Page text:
Gemma Cartwright from Kings Norton told us that it was the worst experience of her life.
The NHS worker, who took her four children and her mother to see JLS, thought she was going to see a repeat of the Hillsborough tragedy, in which 96 football fans died.
“I was being crushed,” she said shortly afterwards. “I was pushed up against the barrier and I had nowhere to go. My kids were hysterical.
“A young girl fainted in front of me and had to be passed over the crowd to the ambulance crew.
“I feel sorry for the police. They seemed to be outnumbered and weren’t coping. Birmingham Council should be ashamed. The place they chose wasn’t big enough to hold such an event.”
Parade axed in 2015
Since that terrible night, even Santa’s traditional parade around town had been axed after falling on hard times.
The event was said to cost £50,000 but it was held for the last time in 2014.
The parade was scrapped in 2015 after austerity saw Birmingham City Council’s budget being slashed by £105 million and no sponsors were found.
The lights switch on took place on November 12, 2015 and became part of the opening day activities on the Frankfurt Christmas Market as it’s formally known.
Today, it’s already two years since the famous House of Fraser grotto was open for the eighth and final time to enable families to meet Father Christmas in a winter wonderland setting.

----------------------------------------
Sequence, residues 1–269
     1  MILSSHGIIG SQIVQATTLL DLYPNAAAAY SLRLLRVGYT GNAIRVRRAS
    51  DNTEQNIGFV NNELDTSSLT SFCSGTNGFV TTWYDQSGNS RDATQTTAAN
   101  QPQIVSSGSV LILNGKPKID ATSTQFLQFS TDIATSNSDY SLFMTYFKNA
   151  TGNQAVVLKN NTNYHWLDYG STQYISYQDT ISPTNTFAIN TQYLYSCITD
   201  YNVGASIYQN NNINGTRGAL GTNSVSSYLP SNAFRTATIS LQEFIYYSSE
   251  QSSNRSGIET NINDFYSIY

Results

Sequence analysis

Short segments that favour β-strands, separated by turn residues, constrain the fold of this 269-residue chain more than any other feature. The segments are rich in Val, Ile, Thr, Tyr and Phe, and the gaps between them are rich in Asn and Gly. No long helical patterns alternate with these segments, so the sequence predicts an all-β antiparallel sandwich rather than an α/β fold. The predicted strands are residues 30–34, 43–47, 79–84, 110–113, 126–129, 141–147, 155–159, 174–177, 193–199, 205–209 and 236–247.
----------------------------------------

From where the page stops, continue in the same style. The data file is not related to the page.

The set was retained on the firth floor all year round, but would be reopened every November to raise money for charity.
In its later years its snow scenes and cobbled streets were spray painted to wonderful effect by the Wolverhampton graffiti artist Temper
After Mike Ashley bought the company and there was uncertainty about its future pending plans to redevelop the site, the grotto was kept closed last year.
A member of staff who asked not to be named told us last November: ” Christmas isn’t cancelled
“We’ve pulled out the stops to decorate the rest of the store better than ever before.
“The ground floor looks amazing.”
Even though the store has experienced a revival this year when allowed to open, no retail enthusiast last December could have foreseen that all ‘non-essential’ shops would have spent most of 2020 unable to open.
Nobody would have predicted there would be no 21st anniversary Birmingham German Christmas Market.
No return of Ice Skate Birmingham’s Big Wheel and Ice Rink to Centenary Square
And certainly nobody would have guessed that the Christmas lights switch on would have been as low key as the one today.
The ‘old’ days
Archive pictures of Corporation Street show how seriously the city used to take Christmas even as recently as the 1980s.
The road in front of Rackhams (now House of Fraser) looked magnificent when lit by thousands of bulbs.
Since the West Midlands Metro opened in May, 2016, the street has been a shadow of its former self despite some local traders calling for uplighters to replace the kind of lights which cannot not be hung because of the cabling for the electric trams.
Looking on the bright side, at least the festive images created by LED technology mean that other streets can now be lit up in more creative ways than ever.
And, in the spirit of a greener world, the LED displays also cost a lot less to illuminate than the old fashioned bulbs.